“Say it with me” The Exclusive Company
THANK YOU

Tom Smith, manager of The Exclusive Company Green Bay branch, reflects on his time at the iconic record shop

By Rachel Sankey

Audrey Thomas Photo

Tom Smith said he’s always been enamored with vinyl – a hobby he’s had the opportunity to indulge in throughout his working life. He has been with The Exclusive Company since August 1988. Before that, Smith said he spent four years working at Galaxy of Sound, an old record store in the Port Plaza Mall.


“My whole life I’ve only wanted to work at a record store,” he said. “So, so far, I’ve pulled that off with two jobs. Sadly, that streak will be ending at the end of July, but what can you do?”


After The Exclusive Company’s owner, James “Mr. G.” Giombetti, passed away, family members and those with the company knew the stores could no longer go on without him. The announcement to close all The Exclusive Company stores came April 7. The record store chain opened its first retail location in 1956.

Coming to terms


After working with The Exclusive Company for the last 34 years, Smith said he has come to terms with the Green Bay location closing.


“I still wish it wasn’t happening, but I understand our late owner’s family’s decision,” he said. “I respect their wishes and they just feel that The Exclusive Company can’t go on without Mr. G. I’m at peace with the decision they made. I’ve got to focus on the rest of my life.”


With the store planning to close in July, Smith said he is looking forward to taking some time off for himself. He said he has only had four days off since May 2020, due to COVID-19. Without getting into too much detail, Smith said a few opportunities have been presented to him, but is in no rush to jump into something new.


“My biggest fear is that I’m going to get another job too fast,” he said. “I know I’m a good worker, and I have a good work record. I’m confident that I’m an employable individual.”

An outside shot of The Exclusive Company, with it’s classic slogan, “Say it with me.” The record store has been open since 1956. Josh Staloch Photos

‘It means everything’


Smith said his time at The Exclusive Company means everything to him.


“I only ever wanted to work at a record store,” he said. “It’s a job that I super love, and have a lot of passion, energy and excitement for. It’s a cool job because I love music and working where I work. You’re always learning about music. It’s a forever, ongoing learning process. And, I mean, me working in record stores is kind of like my whole sense of identity or sense of purpose, you know? Part of me feels obsolete.”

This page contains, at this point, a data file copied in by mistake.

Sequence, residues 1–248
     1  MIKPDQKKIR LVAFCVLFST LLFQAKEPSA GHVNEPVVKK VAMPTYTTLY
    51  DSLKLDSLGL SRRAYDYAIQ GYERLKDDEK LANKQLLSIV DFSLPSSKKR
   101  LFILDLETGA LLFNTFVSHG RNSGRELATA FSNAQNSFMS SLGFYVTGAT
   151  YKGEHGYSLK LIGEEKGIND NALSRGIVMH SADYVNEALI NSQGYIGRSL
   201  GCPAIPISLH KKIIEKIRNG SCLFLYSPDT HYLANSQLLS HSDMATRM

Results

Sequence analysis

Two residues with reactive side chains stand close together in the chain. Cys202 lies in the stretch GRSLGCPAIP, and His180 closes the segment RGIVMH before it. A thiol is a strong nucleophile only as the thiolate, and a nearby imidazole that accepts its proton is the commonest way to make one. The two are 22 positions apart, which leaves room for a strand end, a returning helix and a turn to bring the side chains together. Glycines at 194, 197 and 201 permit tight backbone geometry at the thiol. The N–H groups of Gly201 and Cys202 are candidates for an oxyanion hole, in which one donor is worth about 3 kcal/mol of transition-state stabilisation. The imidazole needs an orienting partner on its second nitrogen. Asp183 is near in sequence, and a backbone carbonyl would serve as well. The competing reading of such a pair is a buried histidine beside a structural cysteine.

Working at The Exclusive Company is where Smith said he got the majority of his social interaction, which he said will be a huge adjustment for him when he says his goodbyes.


However, Smith said the store’s closure won’t stop him from being involved with music. He said he’s been promoting shows for the Lyric Room since August 1986, and doesn’t plan on stopping.


“I’ll still be buying records, and, who knows, maybe someday I’ll be working in a record store again,” Smith said.

Over the years


Through his many years of working at The Exclusive Company, Smith said one of the biggest changes he noticed during his time were the advancements in technology.


“When I started there, we didn’t even take credit cards,” he said. “Nor did we have a fax machine. We actually didn’t get the internet until 2009 in our store. Our company was kind of behind the times with new technology.”


On top of the technological advancements, he said he watched vinyl’s popularity die out and come back again – though The Exclusive Company never stopped selling records during that time.


“We had less of a selection, but we always had vinyl,” Smith said. “And one of the reasons we did it is because the people who were into punk rock and garage rock, they still wanted vinyl.”


CDs roared to high popularity in the 1990s, but then dropped – however, he said they are allegedly making a comeback.
As for the types of vinyl sold, Smith said there are so many genres sold now from when the store first started.


“Years ago, I don’t think I would have thought that Doja Cat would be on vinyl,” he said. “That’s the cool thing about it, like this vinyl resurgence, it’s across all genres. No genre of music is superior to another genre of music. You have to respect all forms of music. There’s no reason to be snarky on anyone’s selection of music or anything like that. Embrace all music.”